Growing up in this country makes it hard, I think, for us to hand ourselves over to the Spirit the way that Jesus handed himself over to the Spirit and allowed himself to be driven out. During this period of forty days when he was in the wilderness, he was attended to by angels, the passage says. And if we, in this period of forty days of Lent, allowed ourselves to be driven out into a different experience, will we also be waited on by angels? Perhaps. But more than likely, if we allow ourselves to be driven into a different experience this Lent, it will be us who will be there to help and wait on one another. The Lenten experience in modern times calls on us to spend some time in solitude and reflection. And I imagine that Jesus, when he was in the wilderness, had plenty of time for that too in between whatever temptations came his way. We are invited into that same type of experience to allow ourselves some solitude, some time of reflecting on good things and some things perhaps that we wish we could forget or get past.

But will we allow the Spirit to come into our lives in that way? We're usually more than happy to allow the Spirit to come into our lives in new and exciting ways that we want, and when we can see something wonderful that we would gain, or as a healing presence to lift us up, or as a spirit of joy to move us away from sadness. But do we allow the Sprit to bring us to a different depth of our spiritual being? That, for me, is the calling for this Lenten season. Let the Spirit have full control in your lives. Let the Spirit guide you to different things. We all have practices that we do every Lenten season. For some, it's sacrifice. For others, it might be a special time of study. And we have Lenten devotionals for you to take to spend some time in study and prayer. It's a time of setting aside some things in order to be able to do something else. It is a time for Christian service, for helping one another, for loving one another, for doing those things which we often put off. Lent is the time for doing that. As the children will hear in children's church today, it is a time for good deeds. And they'll be working on a project and, in a few weeks, showing us the fruit of their labors.

It is a time for all of these different traditions. Can we, for once, suspend all those traditions? Just throw them out the window? Consider sitting down and praying that the Spirit will lead you to do something different today. And then, in the time of solitude, allow those thoughts to fall upon you, weeding out that which might not be a good temptation, and listening for that still small voice to say, "Ah, today, I want you to…such-and-such." Or, "I have this uncontrollable urge to jump in the car and go see someone I haven't seen in years." That very well could be a driving force of the Spirit calling us to do something different and new and unique, not calling us to be stuck in the same patterns we find ourselves in day after day, month after month, and year after year. The Spirit is living. The Spirit is like the wind or a fire. It moves with turbulence and can throw us from one side to another, in one direction or another, sometimes forward, and sometimes backwards. When we spend time reflecting on occasions when the Spirit was most active in our lives, even if we moved backwards, we see that there were moments of grace and moments of clarity that hit us that then helped us to catapult ourselves much further forward.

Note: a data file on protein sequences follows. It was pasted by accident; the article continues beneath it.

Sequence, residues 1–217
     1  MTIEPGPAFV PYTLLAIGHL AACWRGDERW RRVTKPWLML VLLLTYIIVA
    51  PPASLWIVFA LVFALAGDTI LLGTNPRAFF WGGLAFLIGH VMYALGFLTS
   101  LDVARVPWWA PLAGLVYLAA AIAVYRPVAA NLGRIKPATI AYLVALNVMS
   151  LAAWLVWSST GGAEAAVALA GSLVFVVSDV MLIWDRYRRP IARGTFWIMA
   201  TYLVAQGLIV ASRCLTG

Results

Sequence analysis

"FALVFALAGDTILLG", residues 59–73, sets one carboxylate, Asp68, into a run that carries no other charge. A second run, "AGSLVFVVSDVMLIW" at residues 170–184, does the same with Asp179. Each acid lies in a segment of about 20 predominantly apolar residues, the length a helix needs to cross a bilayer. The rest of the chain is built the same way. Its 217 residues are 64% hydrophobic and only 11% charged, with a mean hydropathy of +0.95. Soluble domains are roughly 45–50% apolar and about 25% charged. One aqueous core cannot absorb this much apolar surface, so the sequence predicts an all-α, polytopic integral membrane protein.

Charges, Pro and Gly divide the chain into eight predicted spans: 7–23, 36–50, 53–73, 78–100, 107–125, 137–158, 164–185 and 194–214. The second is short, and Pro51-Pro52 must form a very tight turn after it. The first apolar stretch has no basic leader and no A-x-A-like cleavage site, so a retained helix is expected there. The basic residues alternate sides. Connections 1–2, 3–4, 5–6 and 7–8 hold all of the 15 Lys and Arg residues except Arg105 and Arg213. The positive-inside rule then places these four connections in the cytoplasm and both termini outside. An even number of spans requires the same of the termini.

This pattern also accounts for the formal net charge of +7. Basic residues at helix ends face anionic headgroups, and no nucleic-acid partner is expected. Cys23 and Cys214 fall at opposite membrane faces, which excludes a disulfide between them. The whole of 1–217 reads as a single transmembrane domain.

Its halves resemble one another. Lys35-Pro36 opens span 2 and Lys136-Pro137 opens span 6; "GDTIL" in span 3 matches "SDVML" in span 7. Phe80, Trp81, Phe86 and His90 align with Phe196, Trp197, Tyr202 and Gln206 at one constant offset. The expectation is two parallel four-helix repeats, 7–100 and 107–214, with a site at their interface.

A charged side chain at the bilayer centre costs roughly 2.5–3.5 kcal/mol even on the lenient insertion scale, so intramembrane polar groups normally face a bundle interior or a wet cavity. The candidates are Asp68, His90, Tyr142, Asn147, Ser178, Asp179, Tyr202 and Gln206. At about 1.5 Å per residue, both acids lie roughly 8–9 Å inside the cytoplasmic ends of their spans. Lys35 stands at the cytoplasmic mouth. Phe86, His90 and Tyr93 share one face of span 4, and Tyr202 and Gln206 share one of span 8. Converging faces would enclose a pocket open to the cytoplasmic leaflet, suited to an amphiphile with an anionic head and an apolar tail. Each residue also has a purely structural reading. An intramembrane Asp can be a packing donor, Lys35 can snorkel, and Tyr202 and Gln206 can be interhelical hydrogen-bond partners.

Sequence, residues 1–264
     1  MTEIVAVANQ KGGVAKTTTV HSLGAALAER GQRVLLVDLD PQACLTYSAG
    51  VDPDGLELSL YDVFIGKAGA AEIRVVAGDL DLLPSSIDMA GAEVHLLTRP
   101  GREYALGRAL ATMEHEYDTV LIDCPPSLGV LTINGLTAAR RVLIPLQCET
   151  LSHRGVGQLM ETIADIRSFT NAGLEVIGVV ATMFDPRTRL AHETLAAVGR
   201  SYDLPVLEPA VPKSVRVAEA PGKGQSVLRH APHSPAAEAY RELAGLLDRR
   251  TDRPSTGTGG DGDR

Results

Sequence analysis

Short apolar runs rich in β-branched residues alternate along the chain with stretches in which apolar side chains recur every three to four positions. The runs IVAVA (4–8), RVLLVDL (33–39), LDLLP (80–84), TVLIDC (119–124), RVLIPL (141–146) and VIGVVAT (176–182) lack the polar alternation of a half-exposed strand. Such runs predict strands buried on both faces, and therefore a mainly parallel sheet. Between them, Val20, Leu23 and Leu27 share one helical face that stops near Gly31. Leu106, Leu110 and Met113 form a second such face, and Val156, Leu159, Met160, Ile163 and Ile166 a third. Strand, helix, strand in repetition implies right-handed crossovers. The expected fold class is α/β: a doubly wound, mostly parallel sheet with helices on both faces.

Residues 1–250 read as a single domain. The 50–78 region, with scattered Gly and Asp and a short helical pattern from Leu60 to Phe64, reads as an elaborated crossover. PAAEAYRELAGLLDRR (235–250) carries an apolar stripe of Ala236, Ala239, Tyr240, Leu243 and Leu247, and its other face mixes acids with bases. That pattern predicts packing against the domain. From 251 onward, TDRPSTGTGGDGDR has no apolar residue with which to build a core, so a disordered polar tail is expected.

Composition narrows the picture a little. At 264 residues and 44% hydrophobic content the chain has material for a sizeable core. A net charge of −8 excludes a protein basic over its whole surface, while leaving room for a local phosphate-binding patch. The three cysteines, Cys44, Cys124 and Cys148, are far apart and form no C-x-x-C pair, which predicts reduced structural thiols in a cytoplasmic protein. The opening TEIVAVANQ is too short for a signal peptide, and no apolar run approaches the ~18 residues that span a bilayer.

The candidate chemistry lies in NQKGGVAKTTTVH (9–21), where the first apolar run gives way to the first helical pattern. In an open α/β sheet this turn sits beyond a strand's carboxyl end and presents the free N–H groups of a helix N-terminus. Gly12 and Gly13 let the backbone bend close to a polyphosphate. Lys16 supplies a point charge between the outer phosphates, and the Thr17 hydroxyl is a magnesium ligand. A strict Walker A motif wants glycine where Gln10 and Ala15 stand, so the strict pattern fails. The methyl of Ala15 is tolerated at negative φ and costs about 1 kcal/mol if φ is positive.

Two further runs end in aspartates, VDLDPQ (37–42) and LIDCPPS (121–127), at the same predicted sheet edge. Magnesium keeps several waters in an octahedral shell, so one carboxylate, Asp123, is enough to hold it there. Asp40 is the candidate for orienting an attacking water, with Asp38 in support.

This Spirit that drove Jesus into the wilderness is the very same Spirit that is in us and that is waiting to come out if we can just give up control. So in this season of Lent, practice some new spiritual disciplines, something you haven't done before. I urge you to come to the Bible study. But let the fullness of the Spirit take over your life for just a few moments of every day. Since forty is a godly number that appears in Scripture, try it for forty seconds, then maybe forty minutes, and then maybe forty hours. And then if we reach that point, maybe we can move on to the full forty days.

But in whatever way you do it, try it, I urge you…I implore you. Try to find that place where you know that the Spirit is active and working within you. It will make a profound difference in your life, and it will forever become part of your faith.

Read other Sermons by Pastor Steve